The head of the Columbia investigation expressed confidence Tuesday the panel will solve the mystery, as he and other members climbed into a pair of shuttle simulators to get a sense of what astronauts go through when they re-enter Earth's atmosphere.
"The professional team I have here has solved accidents with less evidence," retired Navy Adm. Harold Gehman Jr. said. "There's a lot of data and more data coming. We haven't even started debris analysis yet."
Gehman also said the panel will solve the mystery, saying they would stitch together photos, video, radar and other data into a "stereoscopic mosaic" of the shuttle's final minutes.
Thousands of pieces of debris have been recovered. All of it has come from either Louisiana or Texas, though no farther west than Fort Worth, Gehman said.
However, he said data suggest the shuttle began breaking up over the western United States and "it's possible there is something out there."
"We have reason to believe that we should keep looking west of Fort Worth," he said.
Gehman renewed NASA's request that amateurs turn over any photos and video of the shuttle as it flew over the West Coast early Feb. 1 before it broke apart over Texas. All seven astronauts aboard were killed.
Gehman spoke in advance of the first news conference by the entire nine-member board.
Five of the men on the board, appointed by NASA within hours of Columbia's fiery breakup Feb. 1, are active or retired military. Another is the director of the Federal Aviation Administration's accident investigation office, Steven Wallace. Only one works for NASA, Scott Hubbard, director of Ames Research Center in Mountain View, Calif.
The evidence released so far suggests Columbia's troubles began in the left wing. That is where a chunk of foam insulation struck 81 seconds after liftoff on Jan. 16, and that is where temperatures started surging and sensors began failing in the final eight minutes of flight.
Part of the left wing has been found.
The fragment includes a 2-foot piece of carbon-composite panel, a dense material that covered the leading edge of the wing, and a 1½-foot piece of the wing itself. Engineers are not yet certain where the piece fits.
It could be extremely important, given that the trouble apparently originated in the left wing during the final minutes before the flight broke up above Texas.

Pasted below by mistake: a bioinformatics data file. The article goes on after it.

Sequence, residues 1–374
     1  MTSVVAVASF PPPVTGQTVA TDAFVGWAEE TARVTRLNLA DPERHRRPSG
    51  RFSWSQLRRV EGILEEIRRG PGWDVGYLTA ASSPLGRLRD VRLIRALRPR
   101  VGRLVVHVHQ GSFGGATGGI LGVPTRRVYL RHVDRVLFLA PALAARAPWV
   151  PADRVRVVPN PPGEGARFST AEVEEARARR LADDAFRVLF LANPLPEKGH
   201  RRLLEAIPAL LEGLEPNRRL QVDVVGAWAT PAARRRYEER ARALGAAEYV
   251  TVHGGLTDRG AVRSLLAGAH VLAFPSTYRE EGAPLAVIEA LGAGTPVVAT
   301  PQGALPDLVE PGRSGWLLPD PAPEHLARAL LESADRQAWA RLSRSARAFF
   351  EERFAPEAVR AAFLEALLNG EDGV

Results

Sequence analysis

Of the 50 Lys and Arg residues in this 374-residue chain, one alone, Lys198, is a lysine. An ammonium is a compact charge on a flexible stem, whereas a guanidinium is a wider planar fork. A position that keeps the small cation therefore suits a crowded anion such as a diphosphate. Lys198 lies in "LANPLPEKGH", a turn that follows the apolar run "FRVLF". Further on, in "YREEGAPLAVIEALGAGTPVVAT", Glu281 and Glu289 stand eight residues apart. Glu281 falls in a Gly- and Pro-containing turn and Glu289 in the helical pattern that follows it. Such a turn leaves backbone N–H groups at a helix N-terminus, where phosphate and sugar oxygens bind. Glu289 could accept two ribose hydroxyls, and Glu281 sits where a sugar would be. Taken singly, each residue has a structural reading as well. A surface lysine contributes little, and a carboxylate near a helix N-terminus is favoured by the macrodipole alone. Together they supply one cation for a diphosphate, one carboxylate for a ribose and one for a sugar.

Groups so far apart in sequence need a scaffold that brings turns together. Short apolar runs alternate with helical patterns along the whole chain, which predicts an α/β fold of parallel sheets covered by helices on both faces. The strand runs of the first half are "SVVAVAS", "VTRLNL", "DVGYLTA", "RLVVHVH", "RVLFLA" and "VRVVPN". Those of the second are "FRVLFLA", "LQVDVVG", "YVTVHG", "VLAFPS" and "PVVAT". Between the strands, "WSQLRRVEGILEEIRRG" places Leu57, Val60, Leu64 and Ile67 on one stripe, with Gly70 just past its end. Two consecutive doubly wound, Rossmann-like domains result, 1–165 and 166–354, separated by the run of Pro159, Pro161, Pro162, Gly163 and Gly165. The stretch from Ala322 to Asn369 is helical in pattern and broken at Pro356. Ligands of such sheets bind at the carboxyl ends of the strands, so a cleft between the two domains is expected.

After the wing fragment was found last Friday, NASA's deputy associate administrator for spaceflight, Michael Kostelnik, called it "a significant recovery."
NASA originally said the piece was found west of Fort Worth. On Monday, the agency said satellite coordinates indicated it had actually been found near Corsicana, 66 miles southeast of Fort Worth.
Hubbard said investigators have requested thermal analyses of mock space shuttle wings, complete with protective thermal tiles.
"If a big chunk of tile is missing, then what?" Hubbard said. "What would be the heating characteristics? What would be the stability?"
The tests should produce "data to sink our teeth into," Hubbard said.
Earlier Tuesday, the commander of the international space station said he and his two crewmates have been kept up to date on the investigation.
"I guess the key question is the same question that all of you had is what happened?" said astronaut Kenneth Bowersox, the commander. "Once we know what happened, I'd start digging into why it happened. What in the system failed? Did we miss something? Did we just not know something? Was there an incorrect analysis?"
Before the news conference, all nine members of the investigation board crowded onto a pair of shuttle simulators to see what astronauts experience when they re-enter Earth's atmosphere. One was "flown" by John Young, a moonwalker who commanded Columbia on the very first shuttle flight in 1981, and the other by Air Force Lt. Col. Michael Bloomfield, who rocketed into orbit just last year.